Word on the Street: Peavy relieved, disturbed

Word on the Street: Peavy relieved, disturbed

Wednesday, April 20, 2011
CSNChicago.com

Peavy disturbed by latest pain

After learning that he experienced only discomfort from scar tissue stemming from his surgery to repair a detached latissimus dorsi muscle nine months ago, Chicago White Sox pitcher Jake Peavy felt an array of emotions.

"I guess it was good news, but personally disappointing for me," Peavy told reporters Wednesday in the visitor's clubhouse at Tropicana Field. "I felt I wasnt far away and was feeling so good. To feel something close to what I felt before I blew it out at the repair site (below the right shoulder) was a disturbing thing." (chicagosports.com)

Korver wants another shot at Barkley

The Bulls guard wants another chance after being caught off guard when asking TNT analyst Charles Barkley a question for their "Ask Charles" segment during Game 2.

I had to do it on the spot, Korver said Wednesday. That was the first thing that came to my mind. If I had more time to think about it, I was going to say: Ive heard you were a 6-foot-4 power forward. If thats the case, that makes you the same height as, like, Keith Bogans. So my question to you, Charles, is: If I saw you and Keith Bogans walking down the street, who would be taller?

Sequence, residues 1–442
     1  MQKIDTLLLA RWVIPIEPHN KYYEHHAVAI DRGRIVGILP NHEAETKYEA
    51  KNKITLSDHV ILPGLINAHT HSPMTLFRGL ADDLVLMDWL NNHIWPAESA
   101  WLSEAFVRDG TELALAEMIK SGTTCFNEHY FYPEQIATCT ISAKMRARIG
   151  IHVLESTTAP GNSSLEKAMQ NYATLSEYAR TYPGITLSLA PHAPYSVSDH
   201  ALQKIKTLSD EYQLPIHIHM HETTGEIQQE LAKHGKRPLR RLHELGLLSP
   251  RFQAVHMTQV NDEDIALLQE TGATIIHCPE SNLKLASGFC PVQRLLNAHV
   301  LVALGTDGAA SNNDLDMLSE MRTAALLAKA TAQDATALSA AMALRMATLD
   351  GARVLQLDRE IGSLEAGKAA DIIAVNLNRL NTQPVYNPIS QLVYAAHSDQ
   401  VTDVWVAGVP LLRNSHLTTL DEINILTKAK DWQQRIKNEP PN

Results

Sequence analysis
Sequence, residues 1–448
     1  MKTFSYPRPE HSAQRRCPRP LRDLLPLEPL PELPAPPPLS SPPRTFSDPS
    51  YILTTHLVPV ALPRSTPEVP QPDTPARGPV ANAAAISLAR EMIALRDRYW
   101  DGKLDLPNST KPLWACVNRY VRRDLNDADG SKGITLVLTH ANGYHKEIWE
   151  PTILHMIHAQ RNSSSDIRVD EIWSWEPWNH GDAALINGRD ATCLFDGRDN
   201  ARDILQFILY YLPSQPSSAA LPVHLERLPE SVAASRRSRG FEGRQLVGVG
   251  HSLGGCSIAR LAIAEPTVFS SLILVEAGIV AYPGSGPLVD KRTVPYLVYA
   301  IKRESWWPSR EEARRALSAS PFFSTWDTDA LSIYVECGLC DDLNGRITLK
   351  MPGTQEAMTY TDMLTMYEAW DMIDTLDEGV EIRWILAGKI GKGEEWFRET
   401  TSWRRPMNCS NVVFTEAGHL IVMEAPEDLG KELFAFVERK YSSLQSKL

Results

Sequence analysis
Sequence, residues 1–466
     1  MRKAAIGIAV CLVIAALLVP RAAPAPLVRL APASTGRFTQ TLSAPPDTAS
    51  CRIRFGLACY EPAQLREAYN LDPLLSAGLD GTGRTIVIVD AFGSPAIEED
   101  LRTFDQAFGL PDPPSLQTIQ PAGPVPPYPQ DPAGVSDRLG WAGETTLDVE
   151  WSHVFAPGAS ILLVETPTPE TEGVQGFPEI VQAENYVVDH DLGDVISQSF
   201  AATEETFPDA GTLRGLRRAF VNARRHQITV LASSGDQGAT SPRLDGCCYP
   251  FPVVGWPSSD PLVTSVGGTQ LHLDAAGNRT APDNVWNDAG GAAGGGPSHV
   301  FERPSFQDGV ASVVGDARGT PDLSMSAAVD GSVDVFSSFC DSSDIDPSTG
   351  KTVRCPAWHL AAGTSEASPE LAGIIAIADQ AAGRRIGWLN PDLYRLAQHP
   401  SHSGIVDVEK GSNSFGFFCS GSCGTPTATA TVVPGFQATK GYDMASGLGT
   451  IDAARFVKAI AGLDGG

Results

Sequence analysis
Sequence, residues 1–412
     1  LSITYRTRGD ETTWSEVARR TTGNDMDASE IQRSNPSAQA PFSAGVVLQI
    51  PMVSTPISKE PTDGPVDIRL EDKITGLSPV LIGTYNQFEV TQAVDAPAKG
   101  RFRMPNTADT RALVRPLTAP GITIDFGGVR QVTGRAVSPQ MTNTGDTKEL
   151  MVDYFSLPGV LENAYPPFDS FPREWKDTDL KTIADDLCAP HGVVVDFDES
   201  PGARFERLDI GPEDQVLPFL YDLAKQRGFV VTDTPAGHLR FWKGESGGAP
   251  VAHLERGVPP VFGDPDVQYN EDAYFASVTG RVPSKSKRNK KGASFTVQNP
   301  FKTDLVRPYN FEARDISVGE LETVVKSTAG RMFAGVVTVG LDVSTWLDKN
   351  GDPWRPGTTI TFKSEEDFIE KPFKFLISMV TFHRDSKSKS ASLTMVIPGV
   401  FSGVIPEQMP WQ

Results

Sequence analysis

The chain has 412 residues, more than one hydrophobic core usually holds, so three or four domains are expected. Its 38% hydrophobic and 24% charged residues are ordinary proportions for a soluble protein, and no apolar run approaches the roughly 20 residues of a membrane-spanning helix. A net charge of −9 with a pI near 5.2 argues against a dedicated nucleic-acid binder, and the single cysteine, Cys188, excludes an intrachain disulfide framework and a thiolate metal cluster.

Barkley was listed at 6-6 but said hes 6-4 . Thats about three inches shorter than Korver, who rarely ventures into the lane. (chicagobreakingsports.com)

Blackhawks fans abuse Canucks executives?

A change to the seating arrangements in the United Center for the playoffs led to the Vancouver management contingent being seated right above some of the more rabid fans in the cheap seats, and not surprisingly once the Hawks got up in the game they became quite bellicose.

And they did so using the most foul language one might imagine.